This past Thursday, the National Center for Education Statistics (NCES) released the results of vocabulary questions from the 2009 and 2011 National Assessment of Educational Progress (NAEP) test, which included questions on word meaning for the first time. The results showed that the fourth and eighth graders tested were able to recognize the correct meaning of only around half the words selected from the test's reading comprehension passages and, as was noted by Greg Toppo in USA Today, students' performance on vocabulary questions closely tracked their performance in reading comprehension. The complete report is available here.
When speaking to the Wall Street Journal, University of Pittsburgh Learning Research and Development Center senior scientist Margaret McKeown described the results as cause for concern. "There is quite a bit of research about vocabulary and the best ways to teach it. Unfortunately we are not seeing that go into the classrooms as much as we would like."
While educators work out the implications of the test results, vocabularians may want to take note of the words themselves: The majority of fourth graders were able to identify words including created, spread, and underestimate, while less than half recognized barren, eerie, and prestigious. The majority of eighth graders identified edible, enticing, and grimace, while less than half recognized urbane. Among twelfth graders, who were tested on vocabulary as part of the exam only in 2009 (when some questions were given to both twelfth and eighth graders), more than half recognized capitalize, prospective, and reimburse, while less than half correctly identified delusion as well as urbane.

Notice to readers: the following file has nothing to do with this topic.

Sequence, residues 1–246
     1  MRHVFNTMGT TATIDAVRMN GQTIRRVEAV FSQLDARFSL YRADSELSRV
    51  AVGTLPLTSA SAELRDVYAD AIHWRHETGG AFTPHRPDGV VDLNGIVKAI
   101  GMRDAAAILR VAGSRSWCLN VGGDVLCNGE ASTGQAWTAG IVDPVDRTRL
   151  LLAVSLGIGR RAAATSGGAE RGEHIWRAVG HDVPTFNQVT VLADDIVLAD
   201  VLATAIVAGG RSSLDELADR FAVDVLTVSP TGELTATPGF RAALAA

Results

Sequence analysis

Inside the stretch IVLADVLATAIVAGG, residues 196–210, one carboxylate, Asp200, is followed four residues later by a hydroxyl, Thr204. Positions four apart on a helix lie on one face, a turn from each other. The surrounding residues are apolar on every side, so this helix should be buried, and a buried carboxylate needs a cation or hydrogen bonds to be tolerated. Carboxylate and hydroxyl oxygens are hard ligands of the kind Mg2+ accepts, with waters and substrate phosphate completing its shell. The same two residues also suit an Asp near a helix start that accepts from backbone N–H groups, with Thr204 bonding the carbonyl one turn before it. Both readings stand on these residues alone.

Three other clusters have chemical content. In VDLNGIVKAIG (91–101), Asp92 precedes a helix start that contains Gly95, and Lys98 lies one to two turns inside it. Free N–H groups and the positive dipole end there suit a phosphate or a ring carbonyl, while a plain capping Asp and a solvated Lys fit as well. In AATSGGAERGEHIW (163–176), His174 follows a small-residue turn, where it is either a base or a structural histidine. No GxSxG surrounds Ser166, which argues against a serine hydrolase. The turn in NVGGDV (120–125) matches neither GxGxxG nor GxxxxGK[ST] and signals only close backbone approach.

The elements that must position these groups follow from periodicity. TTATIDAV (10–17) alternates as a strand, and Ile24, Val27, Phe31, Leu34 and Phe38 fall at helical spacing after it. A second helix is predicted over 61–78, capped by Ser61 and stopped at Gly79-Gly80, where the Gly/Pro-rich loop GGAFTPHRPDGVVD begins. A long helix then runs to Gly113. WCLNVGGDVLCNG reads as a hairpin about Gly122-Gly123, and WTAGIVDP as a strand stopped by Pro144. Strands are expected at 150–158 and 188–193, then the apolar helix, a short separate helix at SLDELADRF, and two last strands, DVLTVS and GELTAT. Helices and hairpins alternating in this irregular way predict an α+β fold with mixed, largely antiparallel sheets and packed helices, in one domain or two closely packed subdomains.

How do you stack up against fourth, eighth, and twelfth graders? Quiz yourself on these words and others that appeared on the exam with our interactive NAEP Vocabulary List to find out.
(A word of caution: In a blog post for Mother Jones, Kevin Drum rebuts the Wall Street Journal coverage of the results, cautioning against raising the distress flag precipitously and noting that tests like the NAEP are designed so that half the students score below the mean.)
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